I recognise that neither my hon. Friend the Member for Leyton and Wanstead (Mr. Cohen) nor the Liberal Democrats intend to frustrate control, even though that would be the effect of their amendments. The Government accept that the amendments were tabled for bona fide reasons, even though we cannot accept them. We are concerned that they would deprive us of the ability to preserve the integrity of immigration control.
The provisions in the Bill to ensure that any discrimination in the sphere of immigration and nationality is justified are quite strict. Such discrimination must be in accordance with the provisions of the various enactments, or must be authorised by Ministers who, in turn, are accountable to Parliament. Such instructions are normally in the public arena, although there might be security issues relating to specific individuals or circumstances that oblige Ministers to decide otherwise--no doubt, hon. Members can work out for themselves the circumstances in which a Minister might decide not to make such matters public.
Precisely because there have been concerns, we took the view that there should be a race monitor to ensure that the decisions made by the immigration service were made properly and subject to some public scrutiny. The race monitor will have free access to all of the IND's papers. He or she will also be able to call on the IND to provide an individual file. However, I make it very clear that the monitor should not be a surrogate appellate authority. It is not the monitor's job to examine an individual case and to make decisions on it. The monitor's job is to look at the broad array of cases and at a selection of cases and to determine whether, as a whole, immigration control is being operated within the spirit of this legislation. The race monitor will, therefore, monitor the immigration service and the IND to ensure that the legislation's spirit is being properly adhered to.
The current entry clearance monitor, who provides real accountability to Parliament, provides a very successful precedent for the role of race monitor. The entry clearance monitor will report annually to Parliament, and I know that many hon. Members pay great heed to the views that the monitor expresses. We very much hope that the race monitor will have the same type of credibility and impact, so that Ministers, too, pay great heed to what is said by him or her.
Government amendment No. 3 would modify the exemption for immigration and nationality functions in clause 1, new section 19C. As I said, we have consistently made clear our view that the exemption should be no wider than is absolutely necessary to safeguard the effective operation of immigration control. We have reached the view that a refinement to the immigration exemption can be made in the interests of securing the Bill's objectives without the risk of harm to immigration control.
The amdendment is designed to remove from the scope of the immigration exemption sections 28A to 28K of the Immigration Act 1971 as they relate to offences under part III of that Act. Those offences include seeking to obtain leave to enter or remain by deception, facilitating the entry of an illegal entrant into the United Kingdom, and possessing false immigration documents--such as passports, visas and work permits--for use. Many of those offences are committed by our own citizens, although some may be commissioned only by those subject to immigration control.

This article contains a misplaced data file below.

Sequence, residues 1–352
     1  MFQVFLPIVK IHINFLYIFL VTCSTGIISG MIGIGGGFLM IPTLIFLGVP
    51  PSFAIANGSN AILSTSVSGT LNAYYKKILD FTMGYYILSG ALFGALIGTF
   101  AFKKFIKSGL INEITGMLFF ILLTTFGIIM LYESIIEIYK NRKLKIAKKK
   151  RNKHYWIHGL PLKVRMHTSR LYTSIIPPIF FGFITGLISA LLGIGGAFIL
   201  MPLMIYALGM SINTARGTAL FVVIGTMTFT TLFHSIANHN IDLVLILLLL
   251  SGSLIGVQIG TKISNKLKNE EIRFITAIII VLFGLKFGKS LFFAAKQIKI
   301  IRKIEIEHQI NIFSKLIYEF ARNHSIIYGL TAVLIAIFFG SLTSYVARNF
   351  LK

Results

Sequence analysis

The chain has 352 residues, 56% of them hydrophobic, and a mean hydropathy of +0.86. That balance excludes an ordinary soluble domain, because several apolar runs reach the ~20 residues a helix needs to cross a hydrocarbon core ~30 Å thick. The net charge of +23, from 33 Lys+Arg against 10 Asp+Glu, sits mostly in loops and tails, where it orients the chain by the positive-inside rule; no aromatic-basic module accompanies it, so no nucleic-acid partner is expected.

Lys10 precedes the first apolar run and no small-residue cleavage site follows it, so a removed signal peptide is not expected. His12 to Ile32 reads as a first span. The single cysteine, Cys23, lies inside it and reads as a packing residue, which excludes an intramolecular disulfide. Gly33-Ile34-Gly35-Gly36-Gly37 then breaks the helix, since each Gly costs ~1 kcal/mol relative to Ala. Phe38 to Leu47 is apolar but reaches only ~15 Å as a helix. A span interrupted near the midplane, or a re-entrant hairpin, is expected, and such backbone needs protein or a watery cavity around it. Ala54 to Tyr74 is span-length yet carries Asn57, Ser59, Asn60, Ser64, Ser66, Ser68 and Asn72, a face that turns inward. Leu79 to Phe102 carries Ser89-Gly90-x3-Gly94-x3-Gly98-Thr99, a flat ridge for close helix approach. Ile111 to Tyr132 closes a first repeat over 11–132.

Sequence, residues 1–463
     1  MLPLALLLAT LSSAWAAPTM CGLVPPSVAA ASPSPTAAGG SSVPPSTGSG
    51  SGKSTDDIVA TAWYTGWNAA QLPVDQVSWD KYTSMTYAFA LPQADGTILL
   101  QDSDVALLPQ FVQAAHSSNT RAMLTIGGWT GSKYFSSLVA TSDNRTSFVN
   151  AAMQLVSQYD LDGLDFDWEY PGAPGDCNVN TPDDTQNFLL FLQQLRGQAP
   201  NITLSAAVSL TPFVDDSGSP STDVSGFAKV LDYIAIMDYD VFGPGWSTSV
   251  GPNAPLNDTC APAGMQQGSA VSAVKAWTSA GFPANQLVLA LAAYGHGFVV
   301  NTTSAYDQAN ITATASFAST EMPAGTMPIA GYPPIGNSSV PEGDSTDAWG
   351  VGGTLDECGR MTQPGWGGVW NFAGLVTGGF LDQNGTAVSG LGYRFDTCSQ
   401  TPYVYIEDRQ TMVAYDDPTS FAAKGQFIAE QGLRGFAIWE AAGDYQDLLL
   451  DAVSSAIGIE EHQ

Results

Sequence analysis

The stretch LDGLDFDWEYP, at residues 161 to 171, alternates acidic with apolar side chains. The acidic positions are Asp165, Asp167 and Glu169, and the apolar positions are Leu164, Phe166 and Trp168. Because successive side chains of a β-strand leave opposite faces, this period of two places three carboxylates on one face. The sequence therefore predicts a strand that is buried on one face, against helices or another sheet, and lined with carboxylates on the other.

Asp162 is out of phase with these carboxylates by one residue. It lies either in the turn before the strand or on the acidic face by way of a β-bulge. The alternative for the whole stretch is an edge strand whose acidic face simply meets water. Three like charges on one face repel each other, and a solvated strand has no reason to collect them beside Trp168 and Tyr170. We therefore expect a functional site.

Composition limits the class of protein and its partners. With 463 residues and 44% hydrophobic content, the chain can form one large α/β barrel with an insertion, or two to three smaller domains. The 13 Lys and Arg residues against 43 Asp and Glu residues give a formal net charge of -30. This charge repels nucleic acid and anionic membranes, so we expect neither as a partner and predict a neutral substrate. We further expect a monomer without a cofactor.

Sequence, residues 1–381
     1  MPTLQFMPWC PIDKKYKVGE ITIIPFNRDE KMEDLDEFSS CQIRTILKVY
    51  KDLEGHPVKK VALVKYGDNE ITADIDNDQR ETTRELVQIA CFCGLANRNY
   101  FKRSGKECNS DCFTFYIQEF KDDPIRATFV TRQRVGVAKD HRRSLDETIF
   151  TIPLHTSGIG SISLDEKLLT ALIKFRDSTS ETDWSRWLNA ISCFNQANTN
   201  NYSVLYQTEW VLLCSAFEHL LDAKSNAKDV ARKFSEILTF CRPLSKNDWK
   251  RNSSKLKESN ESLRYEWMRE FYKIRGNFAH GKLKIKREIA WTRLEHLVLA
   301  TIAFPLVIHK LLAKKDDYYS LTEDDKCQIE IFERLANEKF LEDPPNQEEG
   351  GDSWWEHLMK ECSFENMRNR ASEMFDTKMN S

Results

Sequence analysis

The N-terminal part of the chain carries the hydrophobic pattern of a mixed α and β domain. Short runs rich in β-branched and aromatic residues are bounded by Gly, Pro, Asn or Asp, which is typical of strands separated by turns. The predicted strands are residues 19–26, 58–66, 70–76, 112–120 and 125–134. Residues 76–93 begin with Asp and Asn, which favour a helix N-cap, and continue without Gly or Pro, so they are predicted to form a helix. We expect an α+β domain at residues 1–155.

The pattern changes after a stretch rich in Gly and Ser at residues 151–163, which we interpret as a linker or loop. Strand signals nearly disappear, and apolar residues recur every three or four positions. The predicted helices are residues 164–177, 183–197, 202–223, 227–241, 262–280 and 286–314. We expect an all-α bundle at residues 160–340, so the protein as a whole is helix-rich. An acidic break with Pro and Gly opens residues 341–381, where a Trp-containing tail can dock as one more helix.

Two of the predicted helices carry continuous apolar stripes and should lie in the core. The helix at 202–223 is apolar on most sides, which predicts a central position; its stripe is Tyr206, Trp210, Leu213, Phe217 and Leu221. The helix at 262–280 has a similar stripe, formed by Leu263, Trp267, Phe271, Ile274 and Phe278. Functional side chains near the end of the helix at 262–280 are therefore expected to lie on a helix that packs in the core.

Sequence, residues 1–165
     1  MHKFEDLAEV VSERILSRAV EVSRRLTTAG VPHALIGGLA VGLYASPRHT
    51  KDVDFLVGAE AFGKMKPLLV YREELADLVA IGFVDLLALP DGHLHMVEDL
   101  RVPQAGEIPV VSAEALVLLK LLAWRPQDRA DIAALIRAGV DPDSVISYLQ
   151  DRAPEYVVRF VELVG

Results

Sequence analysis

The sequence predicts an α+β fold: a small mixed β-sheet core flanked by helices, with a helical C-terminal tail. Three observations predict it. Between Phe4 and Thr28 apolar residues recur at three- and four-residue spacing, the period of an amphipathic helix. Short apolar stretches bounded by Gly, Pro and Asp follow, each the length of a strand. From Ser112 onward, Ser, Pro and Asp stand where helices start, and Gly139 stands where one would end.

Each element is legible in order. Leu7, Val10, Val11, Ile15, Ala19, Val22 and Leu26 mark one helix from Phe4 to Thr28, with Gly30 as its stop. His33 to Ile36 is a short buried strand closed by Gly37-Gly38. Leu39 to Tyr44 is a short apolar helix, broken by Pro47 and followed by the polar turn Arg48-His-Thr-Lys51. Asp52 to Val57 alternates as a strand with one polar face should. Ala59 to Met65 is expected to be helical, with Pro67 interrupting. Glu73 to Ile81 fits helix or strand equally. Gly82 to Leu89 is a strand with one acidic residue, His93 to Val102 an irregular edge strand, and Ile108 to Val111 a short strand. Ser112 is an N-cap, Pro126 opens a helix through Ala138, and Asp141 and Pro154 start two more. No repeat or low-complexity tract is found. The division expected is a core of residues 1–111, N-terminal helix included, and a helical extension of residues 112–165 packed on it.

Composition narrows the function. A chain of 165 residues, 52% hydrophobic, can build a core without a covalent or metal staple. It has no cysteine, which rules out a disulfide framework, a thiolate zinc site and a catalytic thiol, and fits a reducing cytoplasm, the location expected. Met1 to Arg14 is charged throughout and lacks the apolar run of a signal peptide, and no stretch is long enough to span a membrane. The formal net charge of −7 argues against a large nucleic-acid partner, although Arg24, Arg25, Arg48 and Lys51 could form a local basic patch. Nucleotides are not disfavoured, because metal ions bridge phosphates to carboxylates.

The amendment would place the immigration service, in the investigation and prosecution of such offences, on the same legal basis as police--with whom they often participate in joint operations--in operating the Bill's provisions.
It is right that the investigation and prosecution of offences should be based on some objective evidence or intelligence, rather than on an individual's nationality or ethnic or national origin. The immigration service does not prioritise the investigation of such offences by nationality. It is also right that the immigration service and police should be subject to the same legal constraints in carrying out similar activities, often conducted together. Those constraints will not harm or hinder the administration of justice or action against those engaged in immigration fraud or human trafficking.
Immigration service functions that support the removal or deportation of individuals from the United Kingdom will, however, remain within the scope of the exemption. As I said, it is sometimes necessary to prioritise cases for removal on the basis of nationality in response to particular pressures on control or as a result of the attitude of other Governments towards accepting the return of their own nationals.
The amendment contains a justifiable refinement to the immigration exemption. We have listened carefully to the concerns expressed by hon. Members and by Members of another place, and we have taken action to ensure that the exemption is no wider than is necessary. I hope that the House will accept this Government amendment to new section 19C.